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This free course, History of reading: An introduction to reading in the past, consists of a series of essays, drawn from material contained in the Reading Experience Database, that illustrate different aspects of reading in Britain during the period from 1450 to 1945. These essays are designed for you as the reader to dip in and dip out, allowing you to pick which essays best suits your purpose.
After studying this course, you should be able to:
- recognise an increased interest in exploring the history of reading
- understand a range of examples of research into the history of reading
- use RED to follow up any personal interests in the history of reading.
- Current section: Introduction
- Learning outcomes
- 1 Reading the English Bible
- 2 Charles Dickens and his readers
- 3 Jane Austen’s readers
- 4 A famous novel and its readers: Charlotte Brontë’s Jane Eyre (1847)
- 5 Childhood reading in the 1870s and 1880s: the recollections of Molly Hughes
- 6 Reading and World War I
- 7 Reading places
- 8 Reading while travelling
- 9 Samuel Pepys: diarist, book collector and reader
- 10 Robert Louis Stevenson’s reading
- 11 Reading Culture in the Victorian Underworld
- Keep on learning
Study this free course
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History of reading: An introduction to reading in the past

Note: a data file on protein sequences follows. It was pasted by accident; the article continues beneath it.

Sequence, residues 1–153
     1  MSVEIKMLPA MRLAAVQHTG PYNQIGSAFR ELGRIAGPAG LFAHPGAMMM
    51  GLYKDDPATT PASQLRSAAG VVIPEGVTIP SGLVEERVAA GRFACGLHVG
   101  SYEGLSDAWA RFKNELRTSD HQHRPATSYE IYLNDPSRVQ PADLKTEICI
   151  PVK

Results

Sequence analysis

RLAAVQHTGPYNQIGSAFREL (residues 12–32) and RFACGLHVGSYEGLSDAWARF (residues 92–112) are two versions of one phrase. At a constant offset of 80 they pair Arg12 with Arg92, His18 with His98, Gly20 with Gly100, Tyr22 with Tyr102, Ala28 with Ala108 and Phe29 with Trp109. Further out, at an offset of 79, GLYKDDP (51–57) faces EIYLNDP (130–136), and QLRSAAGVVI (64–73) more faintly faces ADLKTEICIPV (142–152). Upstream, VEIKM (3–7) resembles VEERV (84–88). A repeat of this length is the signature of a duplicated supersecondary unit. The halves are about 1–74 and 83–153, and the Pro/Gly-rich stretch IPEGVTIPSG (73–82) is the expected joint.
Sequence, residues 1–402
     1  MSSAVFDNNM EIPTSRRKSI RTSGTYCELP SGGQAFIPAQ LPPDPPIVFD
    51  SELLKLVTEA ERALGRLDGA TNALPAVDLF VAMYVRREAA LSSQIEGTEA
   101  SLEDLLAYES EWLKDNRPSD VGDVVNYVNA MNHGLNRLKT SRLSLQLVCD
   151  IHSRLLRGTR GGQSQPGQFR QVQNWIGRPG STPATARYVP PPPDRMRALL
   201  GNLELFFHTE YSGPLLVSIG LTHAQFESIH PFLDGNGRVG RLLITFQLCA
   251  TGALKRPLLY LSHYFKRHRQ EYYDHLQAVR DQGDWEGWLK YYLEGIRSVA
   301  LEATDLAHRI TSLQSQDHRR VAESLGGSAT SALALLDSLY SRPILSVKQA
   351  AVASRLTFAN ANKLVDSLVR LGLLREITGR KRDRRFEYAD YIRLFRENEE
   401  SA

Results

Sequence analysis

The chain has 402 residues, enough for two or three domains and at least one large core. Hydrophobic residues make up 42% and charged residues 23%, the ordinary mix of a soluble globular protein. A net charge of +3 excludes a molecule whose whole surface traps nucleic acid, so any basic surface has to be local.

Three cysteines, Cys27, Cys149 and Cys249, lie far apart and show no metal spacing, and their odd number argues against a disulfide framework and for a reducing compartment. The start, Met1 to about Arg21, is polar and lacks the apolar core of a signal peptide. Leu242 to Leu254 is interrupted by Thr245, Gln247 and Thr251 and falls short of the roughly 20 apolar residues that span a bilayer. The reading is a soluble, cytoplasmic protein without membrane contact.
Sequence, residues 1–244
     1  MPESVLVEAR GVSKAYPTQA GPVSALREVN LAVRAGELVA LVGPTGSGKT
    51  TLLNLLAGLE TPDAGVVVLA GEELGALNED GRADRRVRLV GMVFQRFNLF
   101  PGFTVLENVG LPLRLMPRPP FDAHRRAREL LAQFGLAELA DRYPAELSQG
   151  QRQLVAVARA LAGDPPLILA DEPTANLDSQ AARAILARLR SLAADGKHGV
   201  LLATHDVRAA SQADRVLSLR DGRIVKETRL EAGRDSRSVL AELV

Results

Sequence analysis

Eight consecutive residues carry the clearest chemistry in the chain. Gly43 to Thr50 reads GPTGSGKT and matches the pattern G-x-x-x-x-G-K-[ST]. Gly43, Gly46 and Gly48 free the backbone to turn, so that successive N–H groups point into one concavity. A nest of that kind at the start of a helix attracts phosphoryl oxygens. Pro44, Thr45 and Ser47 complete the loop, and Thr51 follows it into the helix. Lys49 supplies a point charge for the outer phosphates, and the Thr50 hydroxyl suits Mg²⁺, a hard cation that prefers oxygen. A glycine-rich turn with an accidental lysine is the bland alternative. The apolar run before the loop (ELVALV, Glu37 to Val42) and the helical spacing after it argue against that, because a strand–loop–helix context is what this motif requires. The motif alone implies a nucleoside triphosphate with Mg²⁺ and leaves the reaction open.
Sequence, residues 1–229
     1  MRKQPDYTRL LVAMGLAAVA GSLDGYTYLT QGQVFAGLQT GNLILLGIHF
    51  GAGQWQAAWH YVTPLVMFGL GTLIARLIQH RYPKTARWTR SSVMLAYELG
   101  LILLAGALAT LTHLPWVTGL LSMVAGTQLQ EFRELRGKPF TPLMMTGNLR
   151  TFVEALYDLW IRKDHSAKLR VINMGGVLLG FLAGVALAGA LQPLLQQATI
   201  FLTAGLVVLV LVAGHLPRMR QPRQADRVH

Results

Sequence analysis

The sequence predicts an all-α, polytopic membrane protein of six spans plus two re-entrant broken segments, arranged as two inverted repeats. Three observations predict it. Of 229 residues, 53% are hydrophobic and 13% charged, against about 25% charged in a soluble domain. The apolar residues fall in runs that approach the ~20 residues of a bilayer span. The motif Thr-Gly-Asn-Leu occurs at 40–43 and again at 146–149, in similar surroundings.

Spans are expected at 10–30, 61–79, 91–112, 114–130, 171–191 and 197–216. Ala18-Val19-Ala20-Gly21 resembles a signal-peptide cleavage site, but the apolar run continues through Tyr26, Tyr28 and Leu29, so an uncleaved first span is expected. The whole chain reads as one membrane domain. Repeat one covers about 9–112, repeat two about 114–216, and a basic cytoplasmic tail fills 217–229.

The 11 essays comprising this course cover a wide range of topics in the history of reading, each designed to whet your appetite to explore the subject further, by searching the UK Reading Experience Database RED yourself. We have designed this course for you to dip in and dip out of, allowing you to select the area that interests you most. Click on the links below to select the essays you’d like to read.
- Reading the English Bible
- Charles Dickens and his readers
- Jane Austen’s readers
- A famous novel and its readers: Charlotte Brontë’s Jane Eyre (1847)
- Childhood reading in the 1870s and 1880s: the recollections of Molly Hughes
- Reading and World War I
- Reading places
- Reading while travelling
- Samuel Pepys: diarist, book collector and reader
- Robert Louis Stevenson’s reading
- Reading culture in the Victorian underworld
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Copyright & revisions
Originally published: Thursday, 17th March 2016
Last updated on: Thursday, 17th March 2016
- Creative-Commons: The Open University is proud to release this free course under a Creative Commons licence. However, any third-party materials featured within it are used with permission and are not ours to give away. These materials are not subject to the Creative Commons licence. See terms and conditions. Full details can be found in the Acknowledgements and our FAQs section.
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